You never know where you’re going to be when you get one of those phone calls.
I’m on Virginia Street about to turn right onto LeRoy Avenue, on my way back to the car after walking Cedar Path (#107) and La Vereda Steps(#109) when I get a call from my sister in Oklahoma. I know immediately that it’s bad news. I head instinctively toward my car on Hilgard Avenue, which unfortunately takes me right past some noisy construction work when my sister tells me that her husband died.
I’m trying to hear her by pressing my phone hard against my left cheek while plugging my right ear.
He was at home in bed when his heart finally gave out.
My head is down, and I am power walking, first toward, and then up the LeRoy Steps (#112) until the buzzing of the power tools fades to a dull roar and I stop.
She performed CPR on him for ten minutes before paramedics arrived and whisked him away. But he was unconscious and she sensed that he had already left her. At the hospital, doctors kept him alive long enough for his daughter to arrive and say goodbye.
My sister is one tough cookie. A retired judge and the eldest of my siblings, she is usually in charge of whatever activity she participates in. She’s decisive and calm. The family member that everyone goes to for support, she’s a rock.
But now she’s grieving for her mate of the last 31 years, and I could hear the fragility in her voice. Our other sister was there with her, along with the rest of her female posse (plus her teenage grandnephew), to make sure she got something to eat and to help her with funeral arrangements.
From 1600 miles away, all I could do was tell her it was okay to cry. She shouldn’t have to pretend that she was fine. Family was there to help her get through it, I assured her, even though I wasn’t one of them. Her response: she was worried that if she let herself fall apart that she would never be able to pick up the pieces. I couldn’t argue with that. But she assured me she would try to get some sleep.
For most of the conversation I was leaning on a concrete structure at the top of LeRoy Steps while my sister recounted her horrific day and I feebly attempted to comfort her. A young mom passed me descending the steps, and I hadn’t moved when she made her return trip several minutes later with a toddler. We may have been on the same staircase, but we were in different worlds at that moment. It felt strange asking my sister about her husband’s funeral while this little boy gleefully mounted the steps hand in hand with his smiling mom.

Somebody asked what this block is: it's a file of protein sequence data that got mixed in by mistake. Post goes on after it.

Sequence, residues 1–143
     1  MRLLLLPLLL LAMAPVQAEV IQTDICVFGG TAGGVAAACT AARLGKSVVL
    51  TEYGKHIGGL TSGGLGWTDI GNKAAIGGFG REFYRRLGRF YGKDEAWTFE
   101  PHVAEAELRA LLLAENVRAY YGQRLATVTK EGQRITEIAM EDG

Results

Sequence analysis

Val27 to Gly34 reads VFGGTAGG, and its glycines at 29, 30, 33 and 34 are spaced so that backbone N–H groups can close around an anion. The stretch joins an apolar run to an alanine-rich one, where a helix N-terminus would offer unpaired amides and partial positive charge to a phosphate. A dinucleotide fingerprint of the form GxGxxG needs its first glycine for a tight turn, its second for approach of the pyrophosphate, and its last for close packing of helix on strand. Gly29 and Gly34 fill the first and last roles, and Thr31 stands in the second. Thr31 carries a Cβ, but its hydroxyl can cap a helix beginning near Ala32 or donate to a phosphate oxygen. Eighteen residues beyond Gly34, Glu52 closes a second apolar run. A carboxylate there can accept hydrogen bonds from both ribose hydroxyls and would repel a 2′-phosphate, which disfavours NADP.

I could hear the deep weariness beneath the grief as she turned the phone over to our other sister, who assured me they would take care of her. I asked her to make sure they gave her lots of hugs before we said goodbye. And I knew she would.
The not-too-distant Campanile pealed five times in its deep tones that sound so final. Five o’clock–I needed to pick up our little foster dog from the vet before it closed. My brother-in-law was no longer alive, but there were still things to do.
In the car on my way home, I wondered briefly how I would handle the situation my sister was now in. I’ve lost both my parents, all my grandparents, and several friends, so I’ve experienced loss. But I don’t think I could face waking up in the morning without my husband/best friend/soul mate. I’m no rock.
When I was perusing the photos from my walk, I remembered the sundial I came across that was between Cedar Path and La Vereda Steps. (See 10/15/16 post.) It seemed the most appropriate photographic accompaniment for this post, not just for its symbolism for the passage of time but also for the words etched on it: “Grow old along with me. The best is yet to be.”
My sister is not yet old, but she did get to spend 31 years with someone she loved, which, I suppose, is more than some people get. It’s not exactly a silver lining, but it’s something to hold onto.